Candace Owens boosted by Russian Embassy after tweeting 'Russian lives matter'
Candace Owens

Conservative commentator Candace Owens was retweeted by the Russian Embassy on Monday after using the phrase "Russian lives matter" amid the country's devastating invasion of Ukraine.

"Absolutely appalling the way Russians are being treated in America and abroad," she wrote last Wednesday. "That our leaders and government institutions are allowing for – and at times calling for this discrimination following their global 'black lives matter' hysteria is quite telling."

"Russian lives matter," the right-winger added.

Owens is ostensibly referring to the recent rise in vandalism and threats made against Russian-owned businesses in states like California, Texas, and Washington, D.C. According to The New York Times, many Russian-owned restaurants in New York, still recuperating from the pandemic, are now struggling to stay afloat amid a wave of "reservation cancellations, social media campaigns and bad reviews online."

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It's unclear why the Russian Embassy retweeted Owens' post. However, it's not the first time Owens has expressed pro-Russian sentiment, even as the country wages the largest unprovoked military incursion since World War II.

Last month, two days before Russia's salvo, Owens attributed Russia's invasion to the eastward expansion of NATO's membership.

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"I suggest every American who wants to know what's *actually* going on in Russia and Ukraine, read this transcript of Putin's address," she wrote. "As I've said for [sic] month – NATO (under direction from the United States) is violating previous agreements and expanding eastward. WE are at fault."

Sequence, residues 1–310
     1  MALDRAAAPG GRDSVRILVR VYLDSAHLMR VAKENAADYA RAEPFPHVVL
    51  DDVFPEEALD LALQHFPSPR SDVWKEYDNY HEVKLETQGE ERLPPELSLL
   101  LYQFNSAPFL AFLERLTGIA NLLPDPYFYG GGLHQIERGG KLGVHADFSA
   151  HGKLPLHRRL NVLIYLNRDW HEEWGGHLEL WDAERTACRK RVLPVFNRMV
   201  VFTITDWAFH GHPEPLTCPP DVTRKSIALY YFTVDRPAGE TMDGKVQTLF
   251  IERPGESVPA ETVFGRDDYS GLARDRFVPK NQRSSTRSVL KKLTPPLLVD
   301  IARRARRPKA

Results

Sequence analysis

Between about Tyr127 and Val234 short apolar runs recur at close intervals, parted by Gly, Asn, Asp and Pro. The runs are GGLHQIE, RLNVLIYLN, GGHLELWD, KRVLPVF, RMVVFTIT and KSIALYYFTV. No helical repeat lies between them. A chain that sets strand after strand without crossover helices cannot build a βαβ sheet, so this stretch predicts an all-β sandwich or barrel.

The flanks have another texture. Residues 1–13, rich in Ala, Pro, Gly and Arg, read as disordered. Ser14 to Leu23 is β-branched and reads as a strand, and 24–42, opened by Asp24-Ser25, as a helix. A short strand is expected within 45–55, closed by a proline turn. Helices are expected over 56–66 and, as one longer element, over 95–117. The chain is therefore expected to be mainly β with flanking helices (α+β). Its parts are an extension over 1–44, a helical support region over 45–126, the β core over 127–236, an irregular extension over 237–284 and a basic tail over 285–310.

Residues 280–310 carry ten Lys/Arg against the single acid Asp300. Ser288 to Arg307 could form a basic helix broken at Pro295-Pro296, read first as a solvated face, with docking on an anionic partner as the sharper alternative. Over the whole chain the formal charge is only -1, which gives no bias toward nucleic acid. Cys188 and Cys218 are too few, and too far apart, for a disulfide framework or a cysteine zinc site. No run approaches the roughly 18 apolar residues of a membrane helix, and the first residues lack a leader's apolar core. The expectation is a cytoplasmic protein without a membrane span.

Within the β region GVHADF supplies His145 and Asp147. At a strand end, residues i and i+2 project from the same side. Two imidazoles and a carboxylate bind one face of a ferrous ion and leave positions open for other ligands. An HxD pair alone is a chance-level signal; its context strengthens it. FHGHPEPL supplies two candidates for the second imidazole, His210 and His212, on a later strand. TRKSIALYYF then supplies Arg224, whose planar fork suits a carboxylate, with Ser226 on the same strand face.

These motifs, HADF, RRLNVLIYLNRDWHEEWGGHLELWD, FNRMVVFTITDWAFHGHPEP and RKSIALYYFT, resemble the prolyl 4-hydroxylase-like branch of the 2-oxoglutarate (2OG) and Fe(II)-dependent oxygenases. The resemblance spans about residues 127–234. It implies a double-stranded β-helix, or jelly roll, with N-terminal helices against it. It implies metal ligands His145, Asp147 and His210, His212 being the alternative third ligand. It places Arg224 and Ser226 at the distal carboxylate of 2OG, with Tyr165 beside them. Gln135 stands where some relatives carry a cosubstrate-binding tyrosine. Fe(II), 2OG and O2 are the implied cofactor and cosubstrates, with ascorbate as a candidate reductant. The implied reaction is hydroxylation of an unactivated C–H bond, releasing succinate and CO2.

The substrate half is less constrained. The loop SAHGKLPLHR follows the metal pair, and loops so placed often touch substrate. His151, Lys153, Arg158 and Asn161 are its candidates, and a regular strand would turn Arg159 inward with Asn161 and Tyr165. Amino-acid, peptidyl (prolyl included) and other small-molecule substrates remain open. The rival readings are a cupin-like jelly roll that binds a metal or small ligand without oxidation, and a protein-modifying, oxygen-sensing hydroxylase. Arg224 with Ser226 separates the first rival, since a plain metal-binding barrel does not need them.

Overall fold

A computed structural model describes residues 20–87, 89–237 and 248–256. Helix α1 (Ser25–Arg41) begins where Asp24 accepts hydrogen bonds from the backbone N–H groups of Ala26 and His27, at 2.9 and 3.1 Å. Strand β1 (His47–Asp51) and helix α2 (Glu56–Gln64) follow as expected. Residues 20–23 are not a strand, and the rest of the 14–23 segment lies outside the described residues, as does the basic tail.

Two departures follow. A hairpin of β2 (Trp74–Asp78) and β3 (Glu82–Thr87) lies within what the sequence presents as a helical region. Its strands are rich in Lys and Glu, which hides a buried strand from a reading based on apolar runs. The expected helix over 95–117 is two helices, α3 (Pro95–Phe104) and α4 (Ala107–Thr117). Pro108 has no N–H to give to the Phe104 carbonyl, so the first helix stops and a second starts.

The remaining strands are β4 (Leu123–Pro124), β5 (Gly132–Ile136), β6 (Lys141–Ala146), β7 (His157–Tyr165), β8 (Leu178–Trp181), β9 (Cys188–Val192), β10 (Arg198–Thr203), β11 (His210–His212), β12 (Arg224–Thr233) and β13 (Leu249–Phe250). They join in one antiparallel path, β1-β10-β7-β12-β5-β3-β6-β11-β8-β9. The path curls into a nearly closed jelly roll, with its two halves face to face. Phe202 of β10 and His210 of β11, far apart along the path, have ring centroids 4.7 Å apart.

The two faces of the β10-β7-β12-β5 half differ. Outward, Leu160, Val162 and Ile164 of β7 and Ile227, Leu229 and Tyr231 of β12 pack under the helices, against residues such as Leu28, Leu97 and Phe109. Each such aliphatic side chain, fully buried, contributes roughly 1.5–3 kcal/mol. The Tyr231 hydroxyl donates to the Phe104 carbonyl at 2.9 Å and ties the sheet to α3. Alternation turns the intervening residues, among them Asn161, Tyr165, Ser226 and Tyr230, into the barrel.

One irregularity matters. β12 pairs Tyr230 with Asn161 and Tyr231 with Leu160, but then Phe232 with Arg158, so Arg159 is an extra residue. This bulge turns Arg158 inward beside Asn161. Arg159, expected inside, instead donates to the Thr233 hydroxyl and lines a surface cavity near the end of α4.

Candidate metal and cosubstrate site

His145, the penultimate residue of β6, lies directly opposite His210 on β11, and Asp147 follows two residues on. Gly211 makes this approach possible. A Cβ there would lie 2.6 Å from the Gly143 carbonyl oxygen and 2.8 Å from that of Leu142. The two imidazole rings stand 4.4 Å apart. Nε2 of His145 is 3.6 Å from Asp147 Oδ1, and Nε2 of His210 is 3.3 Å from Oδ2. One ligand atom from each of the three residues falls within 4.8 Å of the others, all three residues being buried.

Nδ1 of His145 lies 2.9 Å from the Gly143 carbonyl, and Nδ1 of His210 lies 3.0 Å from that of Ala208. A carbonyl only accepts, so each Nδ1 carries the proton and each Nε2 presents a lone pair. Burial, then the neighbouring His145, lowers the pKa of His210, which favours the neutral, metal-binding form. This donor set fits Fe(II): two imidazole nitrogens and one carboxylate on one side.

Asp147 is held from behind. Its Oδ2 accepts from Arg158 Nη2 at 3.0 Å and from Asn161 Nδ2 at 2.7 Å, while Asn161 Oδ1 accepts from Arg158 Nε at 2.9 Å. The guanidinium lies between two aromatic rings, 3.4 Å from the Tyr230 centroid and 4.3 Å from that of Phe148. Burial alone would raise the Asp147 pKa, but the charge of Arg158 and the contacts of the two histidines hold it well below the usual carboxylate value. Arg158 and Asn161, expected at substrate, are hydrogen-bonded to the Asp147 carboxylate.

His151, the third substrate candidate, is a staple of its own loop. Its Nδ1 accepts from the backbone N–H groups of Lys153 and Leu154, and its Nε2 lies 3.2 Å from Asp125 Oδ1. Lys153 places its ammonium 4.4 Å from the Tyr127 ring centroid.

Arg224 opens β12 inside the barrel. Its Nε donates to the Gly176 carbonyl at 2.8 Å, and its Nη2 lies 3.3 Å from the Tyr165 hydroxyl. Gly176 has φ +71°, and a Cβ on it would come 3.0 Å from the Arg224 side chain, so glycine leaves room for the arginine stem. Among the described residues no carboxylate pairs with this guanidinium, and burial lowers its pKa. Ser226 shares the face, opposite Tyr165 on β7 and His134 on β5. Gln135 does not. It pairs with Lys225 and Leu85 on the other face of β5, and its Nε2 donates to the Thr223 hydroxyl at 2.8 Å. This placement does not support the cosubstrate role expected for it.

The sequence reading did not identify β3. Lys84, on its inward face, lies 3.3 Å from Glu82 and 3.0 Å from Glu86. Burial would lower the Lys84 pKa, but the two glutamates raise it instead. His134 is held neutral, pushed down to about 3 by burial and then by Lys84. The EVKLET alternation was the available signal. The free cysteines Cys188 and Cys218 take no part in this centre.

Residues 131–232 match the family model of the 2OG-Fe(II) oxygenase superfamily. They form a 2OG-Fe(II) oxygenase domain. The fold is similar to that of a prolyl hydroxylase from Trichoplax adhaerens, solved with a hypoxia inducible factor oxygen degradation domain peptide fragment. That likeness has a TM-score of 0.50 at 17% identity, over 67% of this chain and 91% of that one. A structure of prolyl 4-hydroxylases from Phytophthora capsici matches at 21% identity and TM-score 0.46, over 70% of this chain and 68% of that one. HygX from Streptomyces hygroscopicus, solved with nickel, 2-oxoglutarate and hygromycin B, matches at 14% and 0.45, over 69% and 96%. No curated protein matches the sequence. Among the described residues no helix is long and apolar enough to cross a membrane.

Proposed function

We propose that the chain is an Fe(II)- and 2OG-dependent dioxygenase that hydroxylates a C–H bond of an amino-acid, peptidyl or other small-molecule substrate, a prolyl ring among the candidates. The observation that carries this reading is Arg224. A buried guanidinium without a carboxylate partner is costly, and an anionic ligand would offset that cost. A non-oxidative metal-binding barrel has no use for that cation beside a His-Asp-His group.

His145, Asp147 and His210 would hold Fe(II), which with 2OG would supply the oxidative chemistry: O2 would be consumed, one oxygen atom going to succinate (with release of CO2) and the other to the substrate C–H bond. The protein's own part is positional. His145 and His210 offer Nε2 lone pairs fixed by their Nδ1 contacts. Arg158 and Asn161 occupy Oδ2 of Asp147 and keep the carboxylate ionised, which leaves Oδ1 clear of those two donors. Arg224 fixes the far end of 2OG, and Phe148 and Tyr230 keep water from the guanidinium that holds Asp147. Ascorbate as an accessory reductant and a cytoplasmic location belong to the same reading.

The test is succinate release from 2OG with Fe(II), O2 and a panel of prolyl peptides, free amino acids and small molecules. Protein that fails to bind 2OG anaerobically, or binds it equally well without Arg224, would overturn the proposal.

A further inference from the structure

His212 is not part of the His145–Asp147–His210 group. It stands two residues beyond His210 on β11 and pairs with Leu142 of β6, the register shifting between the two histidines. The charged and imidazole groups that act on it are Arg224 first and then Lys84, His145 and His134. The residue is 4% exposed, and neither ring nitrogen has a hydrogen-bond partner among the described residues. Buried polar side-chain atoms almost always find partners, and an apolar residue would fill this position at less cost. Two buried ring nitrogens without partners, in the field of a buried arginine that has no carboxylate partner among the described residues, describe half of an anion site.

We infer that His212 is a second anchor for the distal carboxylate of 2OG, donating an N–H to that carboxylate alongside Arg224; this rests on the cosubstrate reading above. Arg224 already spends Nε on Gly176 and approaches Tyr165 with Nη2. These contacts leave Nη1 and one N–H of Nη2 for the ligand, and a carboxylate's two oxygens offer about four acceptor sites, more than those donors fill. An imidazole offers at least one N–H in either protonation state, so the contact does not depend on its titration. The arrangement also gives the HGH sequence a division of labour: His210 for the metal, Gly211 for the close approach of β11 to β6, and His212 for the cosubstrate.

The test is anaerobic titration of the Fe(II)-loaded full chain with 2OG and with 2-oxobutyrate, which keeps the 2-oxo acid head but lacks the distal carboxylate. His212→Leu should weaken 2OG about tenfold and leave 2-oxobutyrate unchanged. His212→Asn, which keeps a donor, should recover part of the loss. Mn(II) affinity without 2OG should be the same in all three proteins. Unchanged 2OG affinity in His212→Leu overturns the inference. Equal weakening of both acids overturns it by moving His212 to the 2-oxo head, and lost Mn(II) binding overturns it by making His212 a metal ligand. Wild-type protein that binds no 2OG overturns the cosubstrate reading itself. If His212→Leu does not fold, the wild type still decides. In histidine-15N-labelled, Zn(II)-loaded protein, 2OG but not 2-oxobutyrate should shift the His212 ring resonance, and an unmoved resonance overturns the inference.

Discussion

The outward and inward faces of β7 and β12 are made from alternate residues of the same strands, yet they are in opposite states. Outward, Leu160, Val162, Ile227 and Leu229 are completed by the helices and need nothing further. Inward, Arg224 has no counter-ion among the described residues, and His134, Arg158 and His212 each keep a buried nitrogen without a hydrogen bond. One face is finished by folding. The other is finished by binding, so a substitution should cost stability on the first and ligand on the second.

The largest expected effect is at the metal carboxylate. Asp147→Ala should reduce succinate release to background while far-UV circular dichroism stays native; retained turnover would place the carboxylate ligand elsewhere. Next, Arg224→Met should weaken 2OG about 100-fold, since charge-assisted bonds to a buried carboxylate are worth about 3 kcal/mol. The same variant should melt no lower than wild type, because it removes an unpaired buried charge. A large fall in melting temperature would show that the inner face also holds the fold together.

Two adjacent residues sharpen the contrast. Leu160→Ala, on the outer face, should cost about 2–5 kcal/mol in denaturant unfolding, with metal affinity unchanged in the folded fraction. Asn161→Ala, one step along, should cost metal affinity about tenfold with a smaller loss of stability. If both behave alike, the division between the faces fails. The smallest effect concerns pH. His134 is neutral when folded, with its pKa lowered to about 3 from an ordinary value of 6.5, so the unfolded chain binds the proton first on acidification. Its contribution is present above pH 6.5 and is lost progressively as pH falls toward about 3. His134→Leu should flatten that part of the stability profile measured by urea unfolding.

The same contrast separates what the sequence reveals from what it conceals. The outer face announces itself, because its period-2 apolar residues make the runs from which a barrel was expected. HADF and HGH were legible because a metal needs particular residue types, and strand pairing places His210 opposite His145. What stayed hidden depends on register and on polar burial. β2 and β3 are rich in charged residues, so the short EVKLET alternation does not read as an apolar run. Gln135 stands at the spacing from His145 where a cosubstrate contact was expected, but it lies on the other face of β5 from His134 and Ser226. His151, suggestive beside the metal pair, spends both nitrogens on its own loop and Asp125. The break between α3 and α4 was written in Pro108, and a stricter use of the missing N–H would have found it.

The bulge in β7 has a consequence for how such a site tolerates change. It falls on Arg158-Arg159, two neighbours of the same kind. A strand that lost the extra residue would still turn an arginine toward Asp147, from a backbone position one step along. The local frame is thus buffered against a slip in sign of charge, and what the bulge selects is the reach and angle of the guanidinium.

In fact, no such agreements were made, as NATO explains on its website.

Owens' confusion appears to stem from comments made between former Secretary of State James Baker and Mikhail Gorbachev, the former President of the Soviet Union. During a meeting in 1990, just after the fall of the Berlin Wall, Baker promised Gorbachev that NATO forces would not be deployed in what was known as East Germany. But according to PolitiFact, no mention was made of NATO inducting other countries into its membership.

"There was a discussion about whether the unified Germany would be a member of NATO, and that was the only discussion we ever had," as Baker told CNN during a 2009 interview. "There was never any discussion of anything but (East Germany)."

Since its founding in 1949, NATO has included 39 new members, including Eastern European countries such as Hungary, Poland, Slovakia, and Albania. During the leadup to the invasion, NATO was weighing the admission of Ukraine, whose leadership has expressed an interest in joining.

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